The Different Cycles of Books
Please forgive the following clutter of names and dates — there is a method to this madness:
I got an email yesterday from a game but harried marketing person for a children’s publisher. We’d met in Texas at TLA, and while she’d recently been on the run to IRA and planning for BEA (the bookseller’s convention), she was checking in with me on ALA. Indeed I will be at Annual (if you — reader — will be in DC in June, please look me up). Marina and I have a new book coming out in late fall, but will have galleys to show. Marina also has a new novel that officially published yesterday, and she’s been emailing with her publicist — also on the run, but he’s been out at the LA Times Book Fair. And, finally, I was pleased to learn that a couple of panels I’d planned for NCSS (the Social Studies convention) have been approved, even as I’ve started to get emails about ALAN at NCTE. All of these conferences and dates bring up the question of how to see the start, the launch, of a new book into the world?
Think back to Harry Potter, or the next Twilight or Wimpy Kid book — that is how it goes for adult books. There is an official, announced, pub date. As of that moment, the book goes on sale. And if the publisher has its act together (or the author has greased the wheels) there has been a publicity machine organized around that one spot in the calendar: a half year earlier articles were pitched to magazines with long lead times; bookstore appearances were set up to coincide with the magazines hitting the stands and, as the date neared, both reviews and "off the book page" articles about the author and the book. Of course TV and radio have been pitched so that — ideally, book readers hear the author on NPR, see her on the Today show, notice an excerpt in a popular magazine, see a piece about her in the paper (or on the net), and then notice the book stacked up high in a bookstore. That was, at least, the 1990s model of a pub date — the crest of a wave of publicity designed to launch a book into the world.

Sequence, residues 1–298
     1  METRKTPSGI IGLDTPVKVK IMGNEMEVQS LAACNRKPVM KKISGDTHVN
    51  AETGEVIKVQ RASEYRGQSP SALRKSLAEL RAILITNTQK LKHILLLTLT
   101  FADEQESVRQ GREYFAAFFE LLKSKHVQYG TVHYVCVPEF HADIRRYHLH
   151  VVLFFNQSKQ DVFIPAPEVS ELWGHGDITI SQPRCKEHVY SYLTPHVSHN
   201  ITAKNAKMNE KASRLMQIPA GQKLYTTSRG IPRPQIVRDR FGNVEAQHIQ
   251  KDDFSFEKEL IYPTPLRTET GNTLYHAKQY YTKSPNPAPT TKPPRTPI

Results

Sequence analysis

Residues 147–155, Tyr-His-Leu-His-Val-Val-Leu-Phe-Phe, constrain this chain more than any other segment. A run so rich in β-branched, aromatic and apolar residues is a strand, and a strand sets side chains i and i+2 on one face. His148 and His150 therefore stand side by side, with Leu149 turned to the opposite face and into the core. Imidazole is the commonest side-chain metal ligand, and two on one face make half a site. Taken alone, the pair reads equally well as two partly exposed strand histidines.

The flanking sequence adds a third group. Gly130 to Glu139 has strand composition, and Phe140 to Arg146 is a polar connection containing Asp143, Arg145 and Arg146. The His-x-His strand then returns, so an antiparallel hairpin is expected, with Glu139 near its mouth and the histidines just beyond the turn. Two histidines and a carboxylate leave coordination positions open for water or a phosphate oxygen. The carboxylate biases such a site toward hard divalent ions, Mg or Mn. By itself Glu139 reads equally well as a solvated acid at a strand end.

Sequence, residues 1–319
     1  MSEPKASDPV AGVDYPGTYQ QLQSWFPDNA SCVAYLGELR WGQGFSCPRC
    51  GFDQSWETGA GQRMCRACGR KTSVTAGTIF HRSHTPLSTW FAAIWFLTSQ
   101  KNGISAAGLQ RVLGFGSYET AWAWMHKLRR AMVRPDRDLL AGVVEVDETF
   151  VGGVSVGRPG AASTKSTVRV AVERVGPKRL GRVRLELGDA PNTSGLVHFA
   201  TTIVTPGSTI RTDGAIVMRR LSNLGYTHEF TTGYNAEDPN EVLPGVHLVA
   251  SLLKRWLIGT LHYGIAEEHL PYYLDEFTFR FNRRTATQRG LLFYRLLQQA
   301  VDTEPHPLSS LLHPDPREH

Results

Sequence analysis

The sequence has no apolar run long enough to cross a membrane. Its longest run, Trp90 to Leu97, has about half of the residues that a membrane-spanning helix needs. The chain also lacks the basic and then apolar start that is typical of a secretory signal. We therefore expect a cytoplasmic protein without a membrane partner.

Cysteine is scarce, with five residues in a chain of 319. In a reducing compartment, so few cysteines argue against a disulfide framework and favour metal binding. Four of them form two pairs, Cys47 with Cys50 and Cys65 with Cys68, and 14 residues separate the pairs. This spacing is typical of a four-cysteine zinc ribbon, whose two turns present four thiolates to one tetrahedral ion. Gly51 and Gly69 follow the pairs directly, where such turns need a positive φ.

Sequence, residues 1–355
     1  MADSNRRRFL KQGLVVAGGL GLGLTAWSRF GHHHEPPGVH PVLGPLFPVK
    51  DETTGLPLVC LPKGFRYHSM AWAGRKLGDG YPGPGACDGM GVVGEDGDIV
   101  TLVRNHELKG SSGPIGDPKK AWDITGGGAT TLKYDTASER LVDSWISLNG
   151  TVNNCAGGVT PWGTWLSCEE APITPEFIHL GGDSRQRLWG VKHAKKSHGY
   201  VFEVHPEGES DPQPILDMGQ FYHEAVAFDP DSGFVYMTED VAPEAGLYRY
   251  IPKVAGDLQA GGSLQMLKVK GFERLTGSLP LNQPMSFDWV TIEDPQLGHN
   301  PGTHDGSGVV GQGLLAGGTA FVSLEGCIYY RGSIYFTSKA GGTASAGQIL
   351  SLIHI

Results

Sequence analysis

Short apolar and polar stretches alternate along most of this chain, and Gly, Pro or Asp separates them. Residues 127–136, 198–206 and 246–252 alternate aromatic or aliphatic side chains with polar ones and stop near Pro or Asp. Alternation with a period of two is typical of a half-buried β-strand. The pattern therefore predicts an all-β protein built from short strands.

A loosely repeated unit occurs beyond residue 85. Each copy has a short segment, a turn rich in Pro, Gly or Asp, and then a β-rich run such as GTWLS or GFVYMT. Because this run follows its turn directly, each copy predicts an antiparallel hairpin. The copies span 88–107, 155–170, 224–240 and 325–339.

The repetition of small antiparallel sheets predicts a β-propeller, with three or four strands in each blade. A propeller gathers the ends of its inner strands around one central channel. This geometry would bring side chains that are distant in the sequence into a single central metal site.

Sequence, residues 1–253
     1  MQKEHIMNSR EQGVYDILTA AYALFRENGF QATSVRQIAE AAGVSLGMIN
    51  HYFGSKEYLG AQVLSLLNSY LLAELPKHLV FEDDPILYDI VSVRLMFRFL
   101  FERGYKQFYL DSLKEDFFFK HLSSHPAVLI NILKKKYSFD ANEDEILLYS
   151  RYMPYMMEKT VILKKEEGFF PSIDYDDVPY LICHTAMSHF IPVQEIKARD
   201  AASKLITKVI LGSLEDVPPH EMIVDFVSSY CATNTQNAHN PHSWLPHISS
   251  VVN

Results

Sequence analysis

That adult model no longer works the same way — there are so few book reviews, magazines have cut back, book store signings have lost their cache. The most popular authors still ride that publicity tide, but it is hardly the norm. And — as I was indicating in the first paragraph — almost all of us in books for younger readers live in a different universe. There is still an official launch date for our books. But what date really matters to their reception in the world? Depending on the book, that could be a half year or even more later — when state lists, or prizes, or magazine Best Book lists are announced. In a way, our big debut comes when people start talking about our books — not when they first hit stores. So conferences — when that chatter starts and spreads — are as important as bookstore events. And conferences spread oddly through the year — we stutter through a sequence of launches — handing out galleys at one conference, seeing an early review, waiting months for the next notice, meeting again a half year later at another conference with the book already out — and, all the while, an unsteady trickle of blogs considers the galley, or the book. So when does the book launch? I suppose when enough people have read it.